Noises, resulting from such switching control, are mixed to the frequency of the selected broadcast station particularly when the frequency of the broadcast station received by the receiver 18 is overlapped with the switching frequencies and associated harmonics caused by switching control. Hereunder, a detail of noises will be described with reference to FIGS. 3A to 3C, FIG. 4 and FIG. 5.

FIG. 3A shows a train of drive pulses for driving the switching power transistor 26 in a manner as practiced in the related art switching device. In this connection, the switching power transistor 26 is turned on during an on-time (during a period with “H” in logic level) or during an off-time (during a period with “L” in logic level). For instance, with the switching power transistor 26 including an N-channel MOS transistor, the switching power transistor 26 is turned on during a period wherein the drive pulse remains in “H” logic level. Also, with the switching power transistor 26 including a P-channel MOS transistor, the switching power transistor 26 is turned on during a period wherein the drive pulse remains in “L” logic level. Also, the present invention will be described hereinafter in conjunction with an exemplary case where the switching power transistor 26 is turned on during on-time wherein the drive pulse remains in “H” logic level.

With a waveform of the train of drive pulses shown in FIG. 3A practiced in the related art, the drive pulses d1, d2 have leading edges a1, a2 with a time interval Th and trailing edges b1, b2 with a time interval Tl. The time intervals Th and Tl are set to be equal to each other. Therefore, respective switching frequencies fh, fl, representing inverse numbers of these time intervals, occur at the same frequency as shown in FIG. 3B, resulting in an increase in an average energy level of noises at the switching frequencies fh, fl (with the switching frequencies fh, fl being plotted in FIG. 3B at slightly deviated points for the sake of clarity). Accordingly, as shown in FIG. 3C, noises have increased energy levels at the switching frequencies fh, fl and frequencies of associated harmonics “fh×2, fh×3, fh×4, fh×5 (fl×2, fl×3, fl×4, fl×5)”.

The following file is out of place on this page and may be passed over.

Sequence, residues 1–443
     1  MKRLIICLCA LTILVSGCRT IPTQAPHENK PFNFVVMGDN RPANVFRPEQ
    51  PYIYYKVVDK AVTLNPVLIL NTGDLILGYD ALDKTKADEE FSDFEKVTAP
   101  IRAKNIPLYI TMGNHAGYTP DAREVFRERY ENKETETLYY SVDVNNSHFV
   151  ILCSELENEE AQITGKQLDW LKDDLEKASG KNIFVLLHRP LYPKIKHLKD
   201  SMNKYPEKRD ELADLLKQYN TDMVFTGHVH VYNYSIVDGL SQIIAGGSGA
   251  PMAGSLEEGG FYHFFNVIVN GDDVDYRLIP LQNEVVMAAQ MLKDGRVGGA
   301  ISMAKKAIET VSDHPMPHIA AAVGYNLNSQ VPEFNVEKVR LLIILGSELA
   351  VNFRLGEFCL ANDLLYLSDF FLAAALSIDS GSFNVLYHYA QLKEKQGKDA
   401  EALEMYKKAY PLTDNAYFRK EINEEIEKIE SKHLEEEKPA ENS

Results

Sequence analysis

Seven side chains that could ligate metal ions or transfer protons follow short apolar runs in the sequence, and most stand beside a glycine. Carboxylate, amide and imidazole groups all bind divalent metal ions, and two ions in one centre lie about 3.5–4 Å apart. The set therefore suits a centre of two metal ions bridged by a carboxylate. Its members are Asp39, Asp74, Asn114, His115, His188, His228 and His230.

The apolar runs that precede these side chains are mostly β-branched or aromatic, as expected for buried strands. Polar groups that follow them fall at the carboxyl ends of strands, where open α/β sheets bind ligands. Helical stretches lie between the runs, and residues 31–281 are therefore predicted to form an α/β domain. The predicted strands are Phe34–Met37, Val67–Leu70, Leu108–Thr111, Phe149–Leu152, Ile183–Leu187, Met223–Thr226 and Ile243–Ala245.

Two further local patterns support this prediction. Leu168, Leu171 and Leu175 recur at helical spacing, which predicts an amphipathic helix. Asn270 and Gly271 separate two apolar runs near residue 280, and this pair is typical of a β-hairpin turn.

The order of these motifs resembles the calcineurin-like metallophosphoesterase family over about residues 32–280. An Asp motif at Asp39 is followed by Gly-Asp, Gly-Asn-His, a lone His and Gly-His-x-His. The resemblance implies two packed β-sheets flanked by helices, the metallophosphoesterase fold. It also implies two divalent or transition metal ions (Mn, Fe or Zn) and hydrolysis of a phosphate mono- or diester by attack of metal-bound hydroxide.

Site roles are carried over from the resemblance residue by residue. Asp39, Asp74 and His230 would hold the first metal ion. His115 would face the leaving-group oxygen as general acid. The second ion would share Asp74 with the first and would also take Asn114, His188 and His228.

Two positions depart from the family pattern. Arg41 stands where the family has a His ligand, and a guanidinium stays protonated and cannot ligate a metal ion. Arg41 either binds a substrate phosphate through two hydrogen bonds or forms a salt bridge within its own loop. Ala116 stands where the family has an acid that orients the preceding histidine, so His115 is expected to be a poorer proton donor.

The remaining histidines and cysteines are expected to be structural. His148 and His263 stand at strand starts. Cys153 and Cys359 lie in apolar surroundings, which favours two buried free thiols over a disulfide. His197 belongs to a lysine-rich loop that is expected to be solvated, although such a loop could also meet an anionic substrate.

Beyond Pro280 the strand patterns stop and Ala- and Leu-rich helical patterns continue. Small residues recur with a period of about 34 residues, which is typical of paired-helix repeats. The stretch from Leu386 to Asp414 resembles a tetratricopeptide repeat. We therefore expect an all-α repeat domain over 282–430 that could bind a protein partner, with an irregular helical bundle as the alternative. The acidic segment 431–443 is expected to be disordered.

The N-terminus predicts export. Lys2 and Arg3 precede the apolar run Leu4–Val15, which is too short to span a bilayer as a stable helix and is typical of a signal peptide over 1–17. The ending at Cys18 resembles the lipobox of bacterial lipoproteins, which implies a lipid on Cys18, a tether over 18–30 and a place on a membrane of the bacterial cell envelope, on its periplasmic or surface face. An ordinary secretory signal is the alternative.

FIG. 4 shows an experimental test result on energy levels of noises appearing when the switching power transistor is operated under switching control using the train of drive pulses shown in FIG. 3A. As shown in FIG. 4, both of peak noises, indicated in solid lines, and average noises, indicated in broken lines, demonstrate high energy levels, respectively.

Here, in order to reduce the energy levels of noises resulting from the switching frequencies, various control methods may be conceivably executed including: (a) PWM control in which on-times of respective drive pulses are randomized; (b) PWM control in which a plurality of switching frequencies are set; and (c) switching control that is executed under a specified pattern such that leading edges and trailing edges of drive pulses are diffused so as to prevent the leading edges and trailing edges of the drive pulses do not occur at a fixed intervals.

FIG. 5 shows an experimental test result on energy levels of typical noises occurring when switching controls are performed using such control methods set forth above. As shown in FIG. 5, performing switching controls using the control methods noted above allows remarkable reduction in average energy level of noises. That is, the experimental test result, shown in FIG. 5, demonstrates further reduction in average energy level of noises than those of FIG. 4.

However, although the average energy level of noises is minimized, the switching frequencies and associated harmonics are probable to overlap a frequency of a broadcast station selected by the receiver 18, causing the speaker 19 to output back noises. Of course, if a train of drive pulses is generated under a particular pattern so as to avoid the occurrence of the switching frequencies and associated harmonics overlapping the frequency of the broadcast station, the issue of back noises can be addressed. However, such setting is hard to be achieved as mentioned above.